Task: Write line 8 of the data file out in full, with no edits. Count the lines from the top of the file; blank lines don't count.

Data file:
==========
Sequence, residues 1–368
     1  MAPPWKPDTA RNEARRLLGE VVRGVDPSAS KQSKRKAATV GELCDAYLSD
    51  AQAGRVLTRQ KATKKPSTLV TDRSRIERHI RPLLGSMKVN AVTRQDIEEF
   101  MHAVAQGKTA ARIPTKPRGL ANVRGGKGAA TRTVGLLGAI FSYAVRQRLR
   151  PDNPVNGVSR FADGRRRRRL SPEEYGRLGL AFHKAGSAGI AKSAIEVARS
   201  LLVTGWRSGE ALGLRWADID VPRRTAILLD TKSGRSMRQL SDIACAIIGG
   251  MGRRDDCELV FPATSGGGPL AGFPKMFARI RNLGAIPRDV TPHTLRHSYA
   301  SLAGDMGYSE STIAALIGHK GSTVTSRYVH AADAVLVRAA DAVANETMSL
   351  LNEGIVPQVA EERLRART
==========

   301  SLAGDMGYSE STIAALIGHK GSTVTSRYVH AADAVLVRAA DAVANETMSL